Author, Alice Yu Yuebo
Earlier in January, I had the opportunity to share about key marketing trends in China at Clickinsights’ Digital Outlook 2020 around: Speed, Empathy and Connectivity. Among the number of case studies I’ve picked, I advocated the most for Corona Beer’s viral campaign on the “rubbish classification policy” – not only it’s a great practice of trend jacking, but the whole operation is agile, community-centric and adopts the best sense of humor and creativity. Upon the time, I never expected that another thing with also “corona” in its name, would bring unprecedented impact to global brands and the economy in the next few months.
The COVID-19 pandemic is driving rapid changes everywhere in our lives, while brands face a magnitude of challenges towards health and safety, supply chain, employment, cash flow and shifting consumer behaviors. Let alone the way they run marketing. As I watch closely how businesses in both China and Singapore are reacting to the COVID-19 crisis, I find the three key China marketing lessons that I highlighted at the speech still relevant. Of course, this time there are new outstanding practitioners who are worth mentioning.
McDonald’s China’s “217, Love Together” Promotion for its Apple Pie. For those who are based in Singapore like me, McDonald’s now becomes an old time dream since the business’ announcement of closure at the start of Circuit Breaker. Meanwhile in China, McDonald’s China branch delivered a tranche promotion for the classic Apple Pie via it’s WeChat store and was praised by many China marketing professionals.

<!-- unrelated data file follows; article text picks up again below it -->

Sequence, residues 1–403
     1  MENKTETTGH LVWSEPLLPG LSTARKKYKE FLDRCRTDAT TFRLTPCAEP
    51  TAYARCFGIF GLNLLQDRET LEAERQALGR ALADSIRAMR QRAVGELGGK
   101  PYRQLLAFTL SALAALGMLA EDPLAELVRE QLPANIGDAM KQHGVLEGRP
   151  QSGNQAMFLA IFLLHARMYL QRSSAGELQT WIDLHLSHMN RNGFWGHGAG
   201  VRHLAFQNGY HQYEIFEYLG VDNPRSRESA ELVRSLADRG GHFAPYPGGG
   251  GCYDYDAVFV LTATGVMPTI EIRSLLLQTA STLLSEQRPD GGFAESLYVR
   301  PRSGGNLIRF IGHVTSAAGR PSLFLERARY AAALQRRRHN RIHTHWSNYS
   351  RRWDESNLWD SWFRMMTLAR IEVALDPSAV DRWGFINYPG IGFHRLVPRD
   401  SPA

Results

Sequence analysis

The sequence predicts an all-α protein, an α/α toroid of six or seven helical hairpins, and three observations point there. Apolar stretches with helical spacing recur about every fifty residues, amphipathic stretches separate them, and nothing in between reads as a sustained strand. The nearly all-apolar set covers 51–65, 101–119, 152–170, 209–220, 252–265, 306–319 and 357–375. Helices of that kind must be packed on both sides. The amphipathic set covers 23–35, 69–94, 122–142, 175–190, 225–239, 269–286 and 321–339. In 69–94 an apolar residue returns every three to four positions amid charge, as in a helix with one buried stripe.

It was the beginning of lockdowns in several cities in China. In Chinese, the pronunciation of “apple” (píng guǒ) is similar to “safe” (píng ān). Therefore, people always recognize apples as the token of health and well-being. It’s just the best time to promote apple pie to echo with consumers’ wanting of safety. I’m impressed by how fast the brand reacted towards the national policies and people’s emotions, meanwhile, how brilliantly it played around with homophonic and representative meanings in its advertising language.
The three copies translate as “Hey kitten, do you miss McDonald’s? Just call for McDelivery. Your master will have the apple pie, and you will have the paper bag.” – This directly addresses the passion points of young cat-lovers who call themselves “kitten slave” (māo nú) and raise the sense of belongings; “Hey noodles, gets better soon!” – If you’ve been to Wuhan, you’ve probably heard about one of it’s famous local desserts, “hot noodles” (rè gān mìan), which then becomes a symbol of the Wuhan city. This frame sends a warm and loving message to Wuhan residents to encourage them to get through the fight; the last line even speaks to people in Wuhan directly – “Hey Wuhan citizens who are waiting for the cherry blossoms, we always keep in mind your safety!” – as everyone’s hoping the virus will be gone by the cherry blossom season.
Just simple visuals and words have humanized the brand and made a lasting positive impact – isn’t this a good example of Agile marketing? Small scale, fast response to changes, rapid ideations and execution…all these we could learn from McDonald’s apple pie campaign.